Though commonly used, “Learning Objectives” is misleading. People engage and take action, not “learning.” People complete the learning content. People choose to apply the learning to their work. People help improve business results.
Conversely, well-crafted “Performance Objectives” explain what changes in behavior and skill are expected as the result of having completed the learning content “by when.” Performance objectives inform the design, development, learner support, and evaluation plans—based on the data gathered in the needs assessment process.
In 1956, Benjamin Bloom and his colleagues crafted what later became known as Bloom’s Taxonomy. It features a set of three models that classify educational objectives into three domains: Affective, Cognitive, and Sensory. Each of the domains is further classified to establish what the learners should be able to do, as the result of having completed the learning content.
Behavior change takes time to be fully realized in the work environment. Therefore, “by when” should be explained using realistic increments of time, in phases or stages that align with expectations on the job.
TIPS TO GET STARTED
- Use action-oriented, measurable language that guides successful completion of the content.
- Ensure each performance objective aligns with the stated business need.
- Each objective should define exactly what the learners are to be able to do, as the result of having completed the learning content (by when).
- Learners who complete the learning content will be able to complete the changes to their work environment within the first 10 days.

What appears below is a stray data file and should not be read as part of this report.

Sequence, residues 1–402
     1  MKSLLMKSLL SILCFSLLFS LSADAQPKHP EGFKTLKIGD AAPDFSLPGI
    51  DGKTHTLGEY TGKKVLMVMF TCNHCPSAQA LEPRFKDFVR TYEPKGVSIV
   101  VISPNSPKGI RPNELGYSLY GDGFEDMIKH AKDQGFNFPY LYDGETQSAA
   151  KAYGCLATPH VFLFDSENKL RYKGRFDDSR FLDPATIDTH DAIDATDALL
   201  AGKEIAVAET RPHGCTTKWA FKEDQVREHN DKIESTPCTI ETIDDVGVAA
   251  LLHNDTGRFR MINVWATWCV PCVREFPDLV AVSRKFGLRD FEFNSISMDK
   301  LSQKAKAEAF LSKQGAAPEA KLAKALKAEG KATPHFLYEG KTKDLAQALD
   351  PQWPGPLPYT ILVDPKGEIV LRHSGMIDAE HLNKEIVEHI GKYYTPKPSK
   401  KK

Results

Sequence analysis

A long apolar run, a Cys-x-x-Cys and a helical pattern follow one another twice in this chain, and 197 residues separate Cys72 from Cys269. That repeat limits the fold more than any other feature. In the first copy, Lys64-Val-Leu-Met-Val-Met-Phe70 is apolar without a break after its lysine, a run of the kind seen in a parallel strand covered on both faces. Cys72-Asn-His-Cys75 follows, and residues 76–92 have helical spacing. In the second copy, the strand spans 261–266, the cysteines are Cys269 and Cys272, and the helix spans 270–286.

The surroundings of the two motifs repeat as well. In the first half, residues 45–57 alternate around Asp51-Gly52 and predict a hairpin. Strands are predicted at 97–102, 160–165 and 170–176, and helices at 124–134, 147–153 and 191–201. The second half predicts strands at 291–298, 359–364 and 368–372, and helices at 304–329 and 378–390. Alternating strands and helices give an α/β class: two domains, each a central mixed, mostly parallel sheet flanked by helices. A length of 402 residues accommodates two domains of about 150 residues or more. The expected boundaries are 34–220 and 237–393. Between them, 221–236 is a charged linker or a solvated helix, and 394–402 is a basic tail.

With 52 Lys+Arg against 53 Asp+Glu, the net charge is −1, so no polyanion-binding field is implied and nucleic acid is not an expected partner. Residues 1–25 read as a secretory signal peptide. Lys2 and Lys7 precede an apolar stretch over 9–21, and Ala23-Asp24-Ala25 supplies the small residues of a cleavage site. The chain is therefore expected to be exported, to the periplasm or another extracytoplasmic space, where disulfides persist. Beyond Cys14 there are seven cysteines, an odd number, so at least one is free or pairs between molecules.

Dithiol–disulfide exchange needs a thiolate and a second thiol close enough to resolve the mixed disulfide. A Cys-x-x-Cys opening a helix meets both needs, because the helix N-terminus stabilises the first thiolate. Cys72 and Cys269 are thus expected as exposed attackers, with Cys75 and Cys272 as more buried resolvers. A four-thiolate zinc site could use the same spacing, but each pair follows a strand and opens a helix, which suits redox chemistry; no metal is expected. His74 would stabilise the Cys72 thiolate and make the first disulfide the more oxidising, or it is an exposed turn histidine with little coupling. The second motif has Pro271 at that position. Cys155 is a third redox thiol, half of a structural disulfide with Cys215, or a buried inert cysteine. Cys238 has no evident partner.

- As the result of having completed the learning content, learners will be able to complete and be evaluated on skill A and skill B after 30 days.
- After six months, supervisors will present various work scenarios to evaluate each learner’s level of proficiency with skills A-C.
- Provide supervisors with coaching guidelines to evaluate each learner fairly. It is important that they provide clear and consistent coaching to derive the business results expected.
Crafting performance objectives takes practice. Spend the time doing that practice. Write many. Then refine them. It is important that they are clear, measurable, and include “by when.” Ask others to critique them, including the key stakeholders and subject matter experts, to ensure the performance objectives align with the business need and results of the needs assessment.
Dawn J. Mahoney, CPTD, owns Learning in The White Space LLC, a freelance talent development (“training”) and instructional design consultancy. She is passionate about developing people through better training, better instructional design, and better dialog. E-mail her at: firstname.lastname@example.org